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story.lead_photo.caption Sean Clancy, Paper Trails columnist

There's an 11-year-old girl in Harrison running around granting three wishes for people, but her name isn't Genie.

She is Ruby Chitsey, a sixth-grader at Harrison Middle School and founder of nonprofit Three Wishes for Ruby's Residents, a program that helps elderly people in nursing homes.

On Sept. 16, Ruby was among the winners of this year's Gloria Barron Prize for Young Heroes. She and 15 others, ages 8-18 from around the U.S., received a top prize of $10,000 each.

She started her program in May 2018 when she accompanied her nurse practitioner mom, Amanda, to work at Mount Vista Rehabilitation and Health Center in Harrison. Ruby often goes to work with her mom, and on this trip she noticed that one of the residents was sad.

"I saw a resident staring out the window, and I asked her what was wrong," she says. "She said her dog had just left, and she didn't know the next time she would see it."

Pearl, the dog owner, lost her pet because she couldn't afford to keep her.

Ruby later learned that some residents have just a $40 monthly stipend to spend on things other than room and board.

She wanted to help them, and began asking residents what three things they most wanted. She wrote their wishes in a notebook, and she and her family would then buy them.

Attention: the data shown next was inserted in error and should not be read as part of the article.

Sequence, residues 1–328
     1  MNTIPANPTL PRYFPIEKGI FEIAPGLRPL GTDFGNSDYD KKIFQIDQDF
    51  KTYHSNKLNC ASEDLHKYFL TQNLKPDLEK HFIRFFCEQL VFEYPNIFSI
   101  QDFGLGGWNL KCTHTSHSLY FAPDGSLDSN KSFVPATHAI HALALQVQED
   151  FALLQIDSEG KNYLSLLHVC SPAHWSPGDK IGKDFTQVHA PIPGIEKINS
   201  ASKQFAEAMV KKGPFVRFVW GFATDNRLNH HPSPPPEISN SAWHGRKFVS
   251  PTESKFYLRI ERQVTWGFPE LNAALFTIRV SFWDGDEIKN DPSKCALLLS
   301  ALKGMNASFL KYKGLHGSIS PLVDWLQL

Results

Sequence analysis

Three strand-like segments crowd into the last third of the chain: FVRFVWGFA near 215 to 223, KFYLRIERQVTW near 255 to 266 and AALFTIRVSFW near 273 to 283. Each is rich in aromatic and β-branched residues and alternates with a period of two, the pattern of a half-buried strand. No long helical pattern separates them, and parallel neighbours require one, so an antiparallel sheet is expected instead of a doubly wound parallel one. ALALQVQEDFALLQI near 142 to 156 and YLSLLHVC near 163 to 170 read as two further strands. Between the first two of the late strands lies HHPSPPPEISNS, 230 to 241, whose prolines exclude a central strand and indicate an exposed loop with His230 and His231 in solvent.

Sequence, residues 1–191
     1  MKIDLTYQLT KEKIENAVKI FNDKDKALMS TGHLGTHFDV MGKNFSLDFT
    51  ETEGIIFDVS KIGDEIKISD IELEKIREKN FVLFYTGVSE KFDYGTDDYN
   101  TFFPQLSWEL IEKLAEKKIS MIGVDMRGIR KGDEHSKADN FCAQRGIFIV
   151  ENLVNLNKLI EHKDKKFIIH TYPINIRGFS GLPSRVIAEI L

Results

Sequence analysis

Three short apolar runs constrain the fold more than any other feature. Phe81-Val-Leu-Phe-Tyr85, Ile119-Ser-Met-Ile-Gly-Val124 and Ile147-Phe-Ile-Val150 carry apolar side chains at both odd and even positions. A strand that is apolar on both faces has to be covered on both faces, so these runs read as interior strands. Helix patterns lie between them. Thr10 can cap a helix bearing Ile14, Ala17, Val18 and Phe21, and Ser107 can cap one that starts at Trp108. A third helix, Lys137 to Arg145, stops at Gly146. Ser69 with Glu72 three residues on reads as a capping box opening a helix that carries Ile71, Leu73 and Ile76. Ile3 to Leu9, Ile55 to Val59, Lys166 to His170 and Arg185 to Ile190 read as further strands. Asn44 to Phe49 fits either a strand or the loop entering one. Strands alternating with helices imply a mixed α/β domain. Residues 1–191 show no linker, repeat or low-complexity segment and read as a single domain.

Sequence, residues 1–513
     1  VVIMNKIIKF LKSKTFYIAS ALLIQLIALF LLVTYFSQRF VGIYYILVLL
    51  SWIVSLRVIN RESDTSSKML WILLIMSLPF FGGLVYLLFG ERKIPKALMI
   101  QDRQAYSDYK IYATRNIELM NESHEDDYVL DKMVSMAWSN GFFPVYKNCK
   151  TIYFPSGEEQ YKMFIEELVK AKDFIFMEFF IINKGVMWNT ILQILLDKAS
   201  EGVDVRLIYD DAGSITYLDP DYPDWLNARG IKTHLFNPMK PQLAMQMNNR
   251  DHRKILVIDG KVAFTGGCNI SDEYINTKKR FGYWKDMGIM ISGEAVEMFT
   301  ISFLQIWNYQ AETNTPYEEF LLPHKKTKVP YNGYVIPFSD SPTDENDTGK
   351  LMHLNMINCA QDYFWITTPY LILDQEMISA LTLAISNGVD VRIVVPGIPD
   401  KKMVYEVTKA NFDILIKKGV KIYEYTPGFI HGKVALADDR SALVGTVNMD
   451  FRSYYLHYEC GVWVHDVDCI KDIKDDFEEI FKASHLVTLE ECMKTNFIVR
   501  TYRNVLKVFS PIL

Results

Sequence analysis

The wishes weren't outlandish. In fact, they were surprisingly simple.

"They're not big things, they're little things," Ruby says. "Most people request things like peanut butter, books, pillows, shoes, toothbrushes, a blanket, fruit ..."

In November, Ruby started a donation drive on the crowdsourcing site GoFundMe, and so far has raised more than $266,000 to buy the small items that make life a little easier for nursing-home residents.

Three Wishes has already expanded, with a chapter in Ohio and others starting in Florida and Louisiana. There is also a board of directors with adults and one with kids.

The kids' board, says mom Amanda, is there to make sure the adults keep the child-like vision of the program.

"None of us would be here if it wasn't for Ruby's vision," Amanda says. "The kids' board is a way to remind us why we are here, to see things like Ruby, through a kid's eyes."

The Gloria Barron Prize was started in 2001 by children's author T.A. Barron, who named it for his mother, and has awarded more than $500,000 to young leaders.

Ruby says that half of her $10,000 will go to Three Wishes and the other half will be used to help pay for college.

She spends a lot of time granting wishes for others, but what are three things Ruby would like to have?

She has to think a bit before finally answering.

"Ummm, maybe a whole bunch of candy, a new cat because my cat died a few weeks ago, and AirPods."

email: sclancy@arkansasonline.com

SundayMonday on 09/22/2019

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